A company was entitled to renounce a collective agreement in connection with a merger. That was the decision by the presiding Labour Court judge in this case.
According to the Transfer of Undertakings Act, the transferee may within certain deadlines renounce the applicable collective agreement in the event of a business transfer. However, the renunciation will not be lawful if there is such identity between the companies and their owners that the companies are de facto identical – i.e. there is identity in terms of labour law. The question of whether there was identity to such an extent that the collective agreement could not be renounced in connection with a specific business transfer was decided by the Labour Court in this case.
An automation and software company merged with a company providing industrial automation solutions. In connection with the merger, the transferee renounced the Industrial Agreement, which was the applicable collective agreement. FH – Danish Trade Union Confederation, including several professional organisations, had the opinion that prior to the merger there was identity between the two companies with the effect that the collective agreement could not be renounced. The transferee disagreed, so the case ended up in the Labour Court.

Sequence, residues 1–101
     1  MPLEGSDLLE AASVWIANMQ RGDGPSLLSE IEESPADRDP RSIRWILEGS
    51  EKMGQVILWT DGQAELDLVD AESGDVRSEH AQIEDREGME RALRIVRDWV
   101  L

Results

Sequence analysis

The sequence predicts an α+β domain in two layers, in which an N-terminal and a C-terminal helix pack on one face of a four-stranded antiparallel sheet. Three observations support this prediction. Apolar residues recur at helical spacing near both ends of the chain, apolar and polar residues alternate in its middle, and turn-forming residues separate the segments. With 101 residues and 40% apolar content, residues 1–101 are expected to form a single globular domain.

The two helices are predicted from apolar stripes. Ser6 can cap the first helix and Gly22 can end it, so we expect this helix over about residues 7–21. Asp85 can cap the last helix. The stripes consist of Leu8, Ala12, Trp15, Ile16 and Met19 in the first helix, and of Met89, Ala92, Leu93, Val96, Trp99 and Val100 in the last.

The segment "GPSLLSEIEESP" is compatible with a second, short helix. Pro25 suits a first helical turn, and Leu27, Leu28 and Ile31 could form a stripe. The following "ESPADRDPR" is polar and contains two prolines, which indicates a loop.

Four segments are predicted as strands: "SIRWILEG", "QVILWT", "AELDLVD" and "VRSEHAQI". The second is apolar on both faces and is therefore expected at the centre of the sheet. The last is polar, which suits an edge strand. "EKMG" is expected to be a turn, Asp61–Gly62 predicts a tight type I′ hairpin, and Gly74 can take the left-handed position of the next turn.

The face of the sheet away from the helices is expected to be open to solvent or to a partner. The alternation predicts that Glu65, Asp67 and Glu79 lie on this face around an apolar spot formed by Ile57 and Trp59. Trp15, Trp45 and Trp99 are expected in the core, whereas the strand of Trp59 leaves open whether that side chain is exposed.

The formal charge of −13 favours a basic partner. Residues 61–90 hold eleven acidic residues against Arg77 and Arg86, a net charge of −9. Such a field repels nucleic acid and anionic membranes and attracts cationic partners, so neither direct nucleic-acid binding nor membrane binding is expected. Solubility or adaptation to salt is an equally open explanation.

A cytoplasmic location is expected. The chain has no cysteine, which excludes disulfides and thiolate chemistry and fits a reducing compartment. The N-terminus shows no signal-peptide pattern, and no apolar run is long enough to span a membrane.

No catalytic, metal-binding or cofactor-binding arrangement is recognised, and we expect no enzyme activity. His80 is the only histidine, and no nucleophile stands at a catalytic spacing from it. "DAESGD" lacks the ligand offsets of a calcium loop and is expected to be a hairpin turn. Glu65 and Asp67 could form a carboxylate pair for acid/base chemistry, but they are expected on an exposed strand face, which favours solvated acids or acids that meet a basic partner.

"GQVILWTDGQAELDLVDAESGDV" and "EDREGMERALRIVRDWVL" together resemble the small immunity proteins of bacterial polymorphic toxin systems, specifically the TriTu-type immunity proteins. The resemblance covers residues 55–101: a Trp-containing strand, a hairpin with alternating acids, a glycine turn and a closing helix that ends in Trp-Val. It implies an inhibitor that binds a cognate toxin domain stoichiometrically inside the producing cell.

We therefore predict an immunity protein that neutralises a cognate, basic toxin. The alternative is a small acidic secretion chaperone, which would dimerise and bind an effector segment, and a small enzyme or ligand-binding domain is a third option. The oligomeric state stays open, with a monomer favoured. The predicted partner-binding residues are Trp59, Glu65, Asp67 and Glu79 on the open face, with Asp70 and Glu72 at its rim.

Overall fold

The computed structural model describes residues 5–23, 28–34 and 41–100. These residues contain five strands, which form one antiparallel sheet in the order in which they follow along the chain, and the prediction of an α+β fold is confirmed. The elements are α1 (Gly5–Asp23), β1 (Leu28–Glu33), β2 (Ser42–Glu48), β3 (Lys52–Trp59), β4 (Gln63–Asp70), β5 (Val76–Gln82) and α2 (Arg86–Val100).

During the Labour Court proceedings, the parties agreed that the transferee was entitled to renounce the collective agreement unless there was identity between the companies.
The Labour Court took into account that also after the transfer the companies continued to carry on their business with separate names and from separate locations and ”essentially” also had separate staff. The Labour Court noted that even though the companies operated in the same market and collaborated to some extent as well, e.g. through hiring-out of staff, the companies continued to have their own business areas and clients because of differences in the companies’ expertise.
The exchange of certain services, such as the hiring-out of staff, was subject to invoices between the companies, and the transferor had independent management since it maintained its general manager also after the merger.
All in all, the Labour Court found that the employees’ employer had changed in connection with the merger and that the renunciation of the collective agreement was lawful.
The content of the above is not, and should not be a substitute for legal advice.